When a business is struggling, sometimes the best solution is to file bankruptcy. For many small business owners, Chapter 7 bankruptcy gives them an opportunity to walk away without taking on any personal liability.
Chapter 7 Bankruptcy for Small Business
Chapter 7 is often the best option for small business owners who are unable to restructure their debts and continue operating. When you file Chapter 7 bankruptcy, a bankruptcy trustee will be assigned to you, and any nonexempt property and assets will be sold. Creditors will be paid by the trustee with the proceeds from selling assets.
Limited liability companies, corporations, and partnerships are all eligible to file Chapter 7 bankruptcy. Individual owners who run their business as a sole proprietorship may also be eligible depending on their income.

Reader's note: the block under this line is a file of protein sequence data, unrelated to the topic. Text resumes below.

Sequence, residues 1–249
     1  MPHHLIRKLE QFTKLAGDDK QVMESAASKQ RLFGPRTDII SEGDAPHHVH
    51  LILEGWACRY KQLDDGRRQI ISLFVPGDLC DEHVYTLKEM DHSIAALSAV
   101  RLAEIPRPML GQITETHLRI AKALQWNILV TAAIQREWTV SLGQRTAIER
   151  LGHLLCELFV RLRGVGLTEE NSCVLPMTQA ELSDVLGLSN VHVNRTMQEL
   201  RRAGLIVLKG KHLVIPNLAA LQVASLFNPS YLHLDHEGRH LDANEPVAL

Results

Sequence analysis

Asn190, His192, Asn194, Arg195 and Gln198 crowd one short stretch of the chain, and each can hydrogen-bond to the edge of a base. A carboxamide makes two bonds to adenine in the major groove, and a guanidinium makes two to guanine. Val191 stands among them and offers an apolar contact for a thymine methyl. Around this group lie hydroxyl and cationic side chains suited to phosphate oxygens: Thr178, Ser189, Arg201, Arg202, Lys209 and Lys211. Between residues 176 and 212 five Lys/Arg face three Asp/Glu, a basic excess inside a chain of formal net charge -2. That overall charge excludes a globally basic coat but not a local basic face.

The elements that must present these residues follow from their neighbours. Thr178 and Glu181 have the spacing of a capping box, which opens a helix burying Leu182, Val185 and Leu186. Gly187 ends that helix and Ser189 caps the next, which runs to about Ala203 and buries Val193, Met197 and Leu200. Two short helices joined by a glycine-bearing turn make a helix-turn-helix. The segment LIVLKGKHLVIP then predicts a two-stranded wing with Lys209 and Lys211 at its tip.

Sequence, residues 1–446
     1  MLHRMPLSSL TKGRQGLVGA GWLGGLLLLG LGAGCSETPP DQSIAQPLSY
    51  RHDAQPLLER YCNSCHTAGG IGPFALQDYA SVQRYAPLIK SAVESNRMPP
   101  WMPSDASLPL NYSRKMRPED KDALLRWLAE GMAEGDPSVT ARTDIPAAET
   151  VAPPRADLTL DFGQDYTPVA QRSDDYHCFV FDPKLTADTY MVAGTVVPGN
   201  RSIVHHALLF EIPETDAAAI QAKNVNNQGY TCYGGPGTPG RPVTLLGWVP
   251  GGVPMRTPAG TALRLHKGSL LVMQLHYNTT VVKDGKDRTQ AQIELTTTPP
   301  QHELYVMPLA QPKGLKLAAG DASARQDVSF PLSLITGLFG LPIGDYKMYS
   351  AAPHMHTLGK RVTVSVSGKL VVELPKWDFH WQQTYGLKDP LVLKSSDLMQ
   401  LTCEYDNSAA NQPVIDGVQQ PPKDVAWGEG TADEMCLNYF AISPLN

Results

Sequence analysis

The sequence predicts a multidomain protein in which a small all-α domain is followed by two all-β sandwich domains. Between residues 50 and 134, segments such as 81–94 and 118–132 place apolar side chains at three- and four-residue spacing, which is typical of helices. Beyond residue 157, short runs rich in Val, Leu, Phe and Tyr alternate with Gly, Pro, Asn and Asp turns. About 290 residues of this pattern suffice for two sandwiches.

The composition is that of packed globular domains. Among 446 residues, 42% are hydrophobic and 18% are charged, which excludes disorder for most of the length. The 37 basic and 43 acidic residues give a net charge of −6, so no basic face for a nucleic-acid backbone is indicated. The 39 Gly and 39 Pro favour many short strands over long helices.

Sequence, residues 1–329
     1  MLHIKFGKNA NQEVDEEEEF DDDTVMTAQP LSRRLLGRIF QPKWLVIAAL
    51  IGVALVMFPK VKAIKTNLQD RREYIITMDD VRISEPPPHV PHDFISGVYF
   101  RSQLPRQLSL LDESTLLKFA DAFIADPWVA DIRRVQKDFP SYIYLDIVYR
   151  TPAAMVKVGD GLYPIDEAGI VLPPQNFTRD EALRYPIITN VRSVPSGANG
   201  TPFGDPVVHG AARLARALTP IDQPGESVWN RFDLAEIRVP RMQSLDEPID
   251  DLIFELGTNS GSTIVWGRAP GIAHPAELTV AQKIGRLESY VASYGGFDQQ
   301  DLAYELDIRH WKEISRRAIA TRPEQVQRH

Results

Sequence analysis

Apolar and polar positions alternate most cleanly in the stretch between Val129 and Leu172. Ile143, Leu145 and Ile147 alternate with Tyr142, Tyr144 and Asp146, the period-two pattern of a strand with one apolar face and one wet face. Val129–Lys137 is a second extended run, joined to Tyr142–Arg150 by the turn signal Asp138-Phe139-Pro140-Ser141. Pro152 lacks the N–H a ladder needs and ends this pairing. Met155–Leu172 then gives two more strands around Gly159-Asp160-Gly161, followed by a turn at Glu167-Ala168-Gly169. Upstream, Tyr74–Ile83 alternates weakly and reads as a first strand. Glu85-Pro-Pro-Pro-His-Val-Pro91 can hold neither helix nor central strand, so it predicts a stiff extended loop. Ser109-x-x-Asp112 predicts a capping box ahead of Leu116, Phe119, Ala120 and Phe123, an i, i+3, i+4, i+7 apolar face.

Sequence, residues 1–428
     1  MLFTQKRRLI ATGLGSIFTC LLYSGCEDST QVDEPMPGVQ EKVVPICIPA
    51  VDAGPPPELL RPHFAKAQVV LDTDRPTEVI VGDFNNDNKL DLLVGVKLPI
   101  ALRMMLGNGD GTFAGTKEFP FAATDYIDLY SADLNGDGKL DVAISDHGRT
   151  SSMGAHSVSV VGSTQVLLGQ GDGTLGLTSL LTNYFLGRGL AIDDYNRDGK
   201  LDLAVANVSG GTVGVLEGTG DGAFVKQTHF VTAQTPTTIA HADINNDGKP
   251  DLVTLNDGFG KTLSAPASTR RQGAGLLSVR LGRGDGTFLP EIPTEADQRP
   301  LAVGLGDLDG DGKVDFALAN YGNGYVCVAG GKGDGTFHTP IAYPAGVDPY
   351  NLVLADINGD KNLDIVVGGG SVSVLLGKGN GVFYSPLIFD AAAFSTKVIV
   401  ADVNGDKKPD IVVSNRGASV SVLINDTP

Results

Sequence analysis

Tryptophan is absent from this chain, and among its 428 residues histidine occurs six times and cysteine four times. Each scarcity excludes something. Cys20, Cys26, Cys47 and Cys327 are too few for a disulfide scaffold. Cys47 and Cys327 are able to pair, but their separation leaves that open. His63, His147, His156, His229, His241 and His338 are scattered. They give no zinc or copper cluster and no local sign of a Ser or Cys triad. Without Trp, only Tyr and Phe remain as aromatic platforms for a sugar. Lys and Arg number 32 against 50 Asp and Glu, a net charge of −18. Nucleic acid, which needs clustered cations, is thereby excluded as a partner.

Do I Need a Bankruptcy Attorney?
Without the help of a qualified attorney, the dissolution of your business could be handled poorly, which could leave you liable for your business’ debts even after bankruptcy. Many small business owners take out personal loans and put up personal assets as collateral, such as a home, in order to start up or save a business. That collateral could be in jeopardy if any mistakes are made or details missed.
The Manalapan business bankruptcy lawyers with Garland & Mason LLC have helped numerous business owners navigate through business bankruptcy and come out on top.